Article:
How to Repair and Rebuild your Alternator

How to
Repair & Rebuild your Alternator
by Lars Grimsrud
SVE Automotive
Restoration
Musclecar, Collector & Exotic Auto Repair &
Restoration
Broomfield, CO
This tech paper will discuss the
disassembly, diagnostics, and repair of GM Delco alternators used after
1971, and specifically discuss the alternators used from 1971 to 1988.
Alternators used after 1988 are similar, and the same techniques and
principles apply (called the “CS”
alternators).
Alternators fail frequently, and good rebuilt units
are pricey (typically in the $150+ range). But virtually any alternator
can be easily repaired for less than $50. You can do it yourself in your
garage or driveway using ordinary hand tools and a little
knowledge.
History & Principles
Electricity is produced by
moving coils of wire through a magnetic field, thus producing a current
flow in the coils of wire. Two different devices have been used on cars
to produce electricity: Generators and Alternators.
Early GM cars,
up through 1962, used a Generator to produce electricity. Generators, for
those of you too young to have seen one, are about the size, weight and
shape of a GM starter. They use permanent magnets to produce Direct
Current (DC). The magnets are located stationary around the case, and the
current-producing coils are spun on a shaft in the center of the
generator. Generators are neat in that they do not need any external
source of power (a battery) to begin producing electricity: all you have
to do is to spin them, and they produce a DC output. But they are heavy,
and they do not produce much output at low rpm: you’ll typically
see the headlights on older cars with generators go noticeably dim at
idle.
In 1963, GM introduced Alternators on its cars. Alternators
do not have permanent magnets, but rather send a small current through a
series of coils to produce an electrically-induced magnetic field. In an
alternator, the magnetic field is created by spinning the
electrically-induced magnetic field in the center of the alternator,
producing current in the stationary, case-mounted coil. This makes an
alternator much smaller and lighter, and its output at low rpm can be
maintained by increasing the strength of the magnetic field. An
alternator, however, does not produce DC output: Due to its design, an
alternator, as the name implies, produces Alternating Current (AC). This
AC must be changed to DC before it can be utilized in an automotive
electrical system.
Alternating current, if visualized, is like a
wave moving up and down: it cycles from positive to negative. It the mid
point between positive and negative, there is no current flow at all.
Obviously, then, if we only had a single coil producing AC power at low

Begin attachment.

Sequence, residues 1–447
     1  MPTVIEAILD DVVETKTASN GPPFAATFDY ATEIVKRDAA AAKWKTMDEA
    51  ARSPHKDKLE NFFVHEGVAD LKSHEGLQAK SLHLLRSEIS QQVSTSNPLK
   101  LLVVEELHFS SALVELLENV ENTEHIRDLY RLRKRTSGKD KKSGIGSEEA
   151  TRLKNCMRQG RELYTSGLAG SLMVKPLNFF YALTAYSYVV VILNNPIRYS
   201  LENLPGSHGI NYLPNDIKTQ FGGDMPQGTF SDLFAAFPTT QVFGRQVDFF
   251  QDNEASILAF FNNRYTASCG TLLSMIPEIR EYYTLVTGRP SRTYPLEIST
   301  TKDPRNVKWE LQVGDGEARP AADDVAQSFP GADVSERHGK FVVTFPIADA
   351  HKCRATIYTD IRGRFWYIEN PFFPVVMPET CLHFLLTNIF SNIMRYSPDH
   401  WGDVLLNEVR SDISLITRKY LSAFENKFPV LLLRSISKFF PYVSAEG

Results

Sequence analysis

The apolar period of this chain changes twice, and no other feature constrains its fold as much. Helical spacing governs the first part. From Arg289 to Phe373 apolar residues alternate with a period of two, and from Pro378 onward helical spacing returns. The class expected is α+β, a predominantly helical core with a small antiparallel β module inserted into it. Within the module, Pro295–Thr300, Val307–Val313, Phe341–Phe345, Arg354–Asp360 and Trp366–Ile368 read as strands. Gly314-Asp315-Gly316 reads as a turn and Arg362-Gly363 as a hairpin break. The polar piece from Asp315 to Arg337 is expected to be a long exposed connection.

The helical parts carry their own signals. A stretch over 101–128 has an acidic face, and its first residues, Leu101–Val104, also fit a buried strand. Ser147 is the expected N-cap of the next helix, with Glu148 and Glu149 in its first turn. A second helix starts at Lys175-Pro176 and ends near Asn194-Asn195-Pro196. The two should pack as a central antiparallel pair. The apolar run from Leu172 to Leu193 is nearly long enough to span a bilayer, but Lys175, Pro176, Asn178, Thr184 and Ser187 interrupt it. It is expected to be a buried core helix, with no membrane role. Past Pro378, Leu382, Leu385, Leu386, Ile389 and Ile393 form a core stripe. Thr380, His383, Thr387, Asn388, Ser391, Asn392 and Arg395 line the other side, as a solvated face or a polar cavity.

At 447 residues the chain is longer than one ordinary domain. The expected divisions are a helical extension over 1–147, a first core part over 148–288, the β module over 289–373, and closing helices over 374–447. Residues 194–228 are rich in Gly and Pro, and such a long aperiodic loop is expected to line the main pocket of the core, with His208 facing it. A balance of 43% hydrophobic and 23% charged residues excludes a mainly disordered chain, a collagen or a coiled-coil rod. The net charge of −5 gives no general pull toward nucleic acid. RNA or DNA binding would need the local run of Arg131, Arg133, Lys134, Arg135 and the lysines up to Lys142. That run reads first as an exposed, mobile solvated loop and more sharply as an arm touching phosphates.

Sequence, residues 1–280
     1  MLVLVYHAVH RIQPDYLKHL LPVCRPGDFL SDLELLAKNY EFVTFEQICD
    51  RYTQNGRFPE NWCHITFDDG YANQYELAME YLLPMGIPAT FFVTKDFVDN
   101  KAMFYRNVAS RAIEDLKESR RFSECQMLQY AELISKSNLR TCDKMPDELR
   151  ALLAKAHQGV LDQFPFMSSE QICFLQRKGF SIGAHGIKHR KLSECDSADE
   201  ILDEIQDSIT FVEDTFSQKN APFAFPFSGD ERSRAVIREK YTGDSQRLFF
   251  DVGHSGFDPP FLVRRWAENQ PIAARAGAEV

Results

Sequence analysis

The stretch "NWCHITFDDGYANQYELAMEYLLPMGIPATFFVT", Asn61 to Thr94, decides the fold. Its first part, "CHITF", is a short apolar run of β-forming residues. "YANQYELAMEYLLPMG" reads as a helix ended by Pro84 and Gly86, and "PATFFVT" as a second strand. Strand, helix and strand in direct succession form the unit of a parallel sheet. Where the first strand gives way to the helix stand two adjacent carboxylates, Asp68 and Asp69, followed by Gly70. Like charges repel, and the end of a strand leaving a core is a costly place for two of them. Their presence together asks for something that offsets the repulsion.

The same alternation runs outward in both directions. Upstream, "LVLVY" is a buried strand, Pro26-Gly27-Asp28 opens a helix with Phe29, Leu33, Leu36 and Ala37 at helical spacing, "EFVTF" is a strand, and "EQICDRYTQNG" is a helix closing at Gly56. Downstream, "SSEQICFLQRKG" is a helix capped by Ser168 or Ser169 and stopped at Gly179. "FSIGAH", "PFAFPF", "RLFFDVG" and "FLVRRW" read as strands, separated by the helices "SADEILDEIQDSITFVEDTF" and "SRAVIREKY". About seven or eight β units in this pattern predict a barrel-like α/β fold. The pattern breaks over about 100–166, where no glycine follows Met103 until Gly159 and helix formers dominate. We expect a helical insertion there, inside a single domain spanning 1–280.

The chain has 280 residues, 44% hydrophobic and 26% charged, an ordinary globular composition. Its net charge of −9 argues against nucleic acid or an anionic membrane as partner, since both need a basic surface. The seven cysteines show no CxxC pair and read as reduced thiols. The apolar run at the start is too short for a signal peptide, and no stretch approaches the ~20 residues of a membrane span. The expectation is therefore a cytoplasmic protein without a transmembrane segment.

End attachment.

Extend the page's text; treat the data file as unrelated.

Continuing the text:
rpm, this cycling and “dead spot” would make our lights and
electrical system blink on and off very quickly. Not good for our
application. An alternator, then, typically has three separate coils,
each producing its own “wave.” These waves are set as far
opposite each other as possible, so by the time they
“overlap,” they are producing a steady stream of AC power.
But now we must convert it to DC.
Each of the three current
producing coils is attached to two diodes. A diode is an electrical
component that allows current to flow one way, but not the other.
It’s like a one-way door. One of the “one-way doors” is
set to “open” in one direction, while the other one
“opens” in the opposite direction. Thus, when the alternating
current is flowing in the “positive” direction, the positive
output is shuttled out of the one diode. When the current shifts to the
“negative” direction, it is allowed to go only out of the
other diode. Thus we have separated out the two elements of the
alternating current into a positive and negative DC power output. With
all three of the coils doing this at staggered times, a steady stream of
DC power is realized.
Pretty simply, huh?
Component
Parts & Systems
The alternator consists of 4 basic
systems:
Housing
Current Producing Parts
Rectifying
Parts
Regulating Parts
Each of these can fail, and each can be
repaired at a very nominal cost.
Housing
The housing serves to
contain all the parts in one place, provides a bearing surface for the
Rotor to spin within the Stator, and acts as a heat sink to dissipate the
heat generated by the internal parts and components.
Failure
modes (listed in order of frequency):
1. Bearing failures. Most
common failure is the housing front bearing. The front bearing takes most
of the load imposed by the fan belt. In spite of this, the bearings are
surprisingly durable, and will easily give 150,000 miles of service
provided the belt is tensioned correctly. Front bearing failures were
much more common in the days of the V-belt drive: “real” men
would use a crow bar on the side of the alternator and tighten the V-belt
up so tight that it could be played like a violin string. Alternator
bearing failure then occurred within a few miles of operation. Now, the
serpentine belts have automatic belt tensioners that provide correct belt
tension at al times. Bearing failure is evidenced by a growling or
howling from the alternator.
2. Dirt, Oil & Grease. Since the